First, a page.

Why Isn’t My Credit Card Working?
Key points about: credit cards not working
The first step to figuring out why your credit card isn’t working is making sure that nothing is physically wrong with the card.
If you’re paying on a reader that requires a magnetic strip, the payment may decline because the strip malfunctioned.
If there’s nothing physically wrong with your card, the issue may be with your account.
You tap, insert, or swipe your as you’ve done so many times before—but, for some reason, your credit card is not working. You hand the card over to the cashier to try, and they have no luck processing your payment either. Have you ever encountered this problem and wondered why your credit card won’t work? You know your account is in good standing, and maybe the card even looks fine. So why does the credit card you’ve used for a while suddenly refuse to cooperate?
Consider these potential causes for why your credit card won’t work:
Possible reasons why your credit card isn’t working
1. The terminal can’t read your card
Your card’s chip or strip gets a little dirtier with every surface it encounters; eventually the buildup of grime may mean your credit card can’t be read by the payment terminal. If after wiping your card down it still won’t work, it may be a good idea to reach out to your card issuer to get a replacement card. In the meantime, if your card issuer allows it, you can use your card via mobile wallets and/or tap to pay.
2. Your purse or wallet uses a magnet.
Did you know?
If you’re paying somewhere that requires you to swipe your card and the card doesn’t work, it may be because the magnetic strip has been damaged by a magnet. The strip on the back of your credit card, and the information it contains about your account, uses magnetic particles in its swipe functionality. Contact with magnets can essentially scramble the data on a card’s magnetic strip. Once that happens, point-of-sale terminals can’t “read” the card, resulting in your credit card not working.
You may not see magnets in your purse or wallet, but they’re a common design feature used to facilitate opening and closing. Your card’s swiping ability could be compromised if your purse or wallet uses magnets and your card’s strip comes close enough to them for an extended time.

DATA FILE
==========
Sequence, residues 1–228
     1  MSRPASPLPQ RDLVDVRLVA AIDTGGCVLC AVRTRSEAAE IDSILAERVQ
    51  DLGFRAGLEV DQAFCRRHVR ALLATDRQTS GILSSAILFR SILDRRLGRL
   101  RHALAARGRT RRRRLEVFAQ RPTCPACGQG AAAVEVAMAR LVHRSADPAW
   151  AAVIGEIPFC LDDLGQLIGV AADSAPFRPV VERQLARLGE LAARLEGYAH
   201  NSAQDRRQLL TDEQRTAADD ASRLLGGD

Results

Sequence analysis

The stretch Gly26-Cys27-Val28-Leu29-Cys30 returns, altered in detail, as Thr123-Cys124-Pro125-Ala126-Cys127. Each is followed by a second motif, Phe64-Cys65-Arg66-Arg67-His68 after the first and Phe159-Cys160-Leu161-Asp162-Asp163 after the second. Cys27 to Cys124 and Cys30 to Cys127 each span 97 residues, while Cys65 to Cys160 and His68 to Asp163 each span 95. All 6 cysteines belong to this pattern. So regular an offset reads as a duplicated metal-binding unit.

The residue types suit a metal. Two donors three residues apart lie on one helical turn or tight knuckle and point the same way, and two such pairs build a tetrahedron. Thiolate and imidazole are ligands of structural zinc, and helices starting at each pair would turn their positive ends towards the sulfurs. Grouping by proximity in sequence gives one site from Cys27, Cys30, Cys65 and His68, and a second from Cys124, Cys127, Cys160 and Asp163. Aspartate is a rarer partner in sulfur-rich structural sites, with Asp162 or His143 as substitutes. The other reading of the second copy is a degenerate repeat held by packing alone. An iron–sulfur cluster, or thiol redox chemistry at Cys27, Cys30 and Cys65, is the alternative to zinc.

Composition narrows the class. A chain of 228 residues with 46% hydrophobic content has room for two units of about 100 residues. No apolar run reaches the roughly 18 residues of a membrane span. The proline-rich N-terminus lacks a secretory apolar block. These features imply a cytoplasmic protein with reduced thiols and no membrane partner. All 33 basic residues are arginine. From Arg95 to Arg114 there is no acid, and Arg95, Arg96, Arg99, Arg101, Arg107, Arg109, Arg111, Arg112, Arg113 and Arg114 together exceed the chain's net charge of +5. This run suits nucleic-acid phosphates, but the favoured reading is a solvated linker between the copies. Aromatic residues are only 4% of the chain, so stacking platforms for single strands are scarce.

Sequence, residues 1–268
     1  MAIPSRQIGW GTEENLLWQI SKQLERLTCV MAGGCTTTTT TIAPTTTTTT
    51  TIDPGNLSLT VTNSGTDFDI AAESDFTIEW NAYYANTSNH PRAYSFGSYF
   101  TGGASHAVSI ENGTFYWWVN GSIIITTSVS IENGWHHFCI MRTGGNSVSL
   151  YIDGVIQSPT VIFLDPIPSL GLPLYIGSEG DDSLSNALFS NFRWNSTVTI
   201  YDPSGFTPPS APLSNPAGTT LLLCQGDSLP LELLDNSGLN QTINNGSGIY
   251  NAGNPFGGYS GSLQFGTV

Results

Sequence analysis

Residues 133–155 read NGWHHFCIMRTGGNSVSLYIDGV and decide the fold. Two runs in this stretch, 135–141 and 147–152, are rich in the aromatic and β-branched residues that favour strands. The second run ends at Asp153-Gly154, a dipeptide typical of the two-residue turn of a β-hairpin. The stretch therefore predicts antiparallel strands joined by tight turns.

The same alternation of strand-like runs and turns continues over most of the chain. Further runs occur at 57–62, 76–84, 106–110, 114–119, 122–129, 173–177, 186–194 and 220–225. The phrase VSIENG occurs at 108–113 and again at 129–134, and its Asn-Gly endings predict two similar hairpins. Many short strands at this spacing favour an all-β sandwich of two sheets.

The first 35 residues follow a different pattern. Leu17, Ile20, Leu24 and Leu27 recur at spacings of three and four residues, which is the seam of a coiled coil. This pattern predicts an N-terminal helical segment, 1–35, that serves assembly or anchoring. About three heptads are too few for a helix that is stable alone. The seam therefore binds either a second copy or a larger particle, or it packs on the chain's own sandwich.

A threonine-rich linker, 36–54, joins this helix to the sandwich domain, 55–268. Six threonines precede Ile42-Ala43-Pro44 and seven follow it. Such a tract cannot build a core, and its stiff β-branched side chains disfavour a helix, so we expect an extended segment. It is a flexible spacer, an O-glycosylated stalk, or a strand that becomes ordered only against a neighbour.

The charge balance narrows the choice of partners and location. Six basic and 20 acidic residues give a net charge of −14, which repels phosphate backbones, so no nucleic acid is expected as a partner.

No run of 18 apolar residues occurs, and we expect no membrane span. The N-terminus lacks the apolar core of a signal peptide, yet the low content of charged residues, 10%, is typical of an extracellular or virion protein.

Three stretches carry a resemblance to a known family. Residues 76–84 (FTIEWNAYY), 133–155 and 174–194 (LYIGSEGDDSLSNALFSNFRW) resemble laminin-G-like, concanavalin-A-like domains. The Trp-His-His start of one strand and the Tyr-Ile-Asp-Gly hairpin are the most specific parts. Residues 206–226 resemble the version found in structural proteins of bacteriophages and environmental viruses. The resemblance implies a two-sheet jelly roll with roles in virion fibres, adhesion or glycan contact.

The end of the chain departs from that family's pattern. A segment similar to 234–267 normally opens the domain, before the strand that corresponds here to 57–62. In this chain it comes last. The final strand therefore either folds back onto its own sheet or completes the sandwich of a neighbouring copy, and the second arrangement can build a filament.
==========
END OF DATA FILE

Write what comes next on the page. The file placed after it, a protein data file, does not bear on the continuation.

3. You scratched or disfigured the strip
Carrying your credit card in your pocket with keys or coins can scratch the card’s magnetic strip, making the swipe feature unusable. Likewise, your credit card won’t swipe if the strip becomes bent or cracked to the extent that the data on the strip becomes distorted. If you notice that your card has been scratched, bent, or cracked causing it to not be usable, it’s a good idea to reach out to your card issuer and ask them to send you a new card.
4. You need to use the chip first.
Chip cards have been rolled out by credit card issuers and banks in order to enhance payment security, and when you try to swipe these cards at terminals that are fully enabled for chip cards, otherwise known as EMV, the terminal will prompt you to insert your card with the chip facing up and the chip going in first into the terminal instead. Cards with chip-and-PIN and near-field (NFC) technology typically aren’t vulnerable to magnetism the same way magnetic stripes are.
5. A problem with your account is causing your card to be declined
It may be that your card is working fine and transmitting your information, but the credit card issuer is declining the transaction. There are many reasons why your credit card may be declined, from a transaction that goes over your credit limit to purchases in a location where you don’t normally shop. If the credit card issuer has declined a transaction, it’s a good idea to call the number on the back of your card and find out why.
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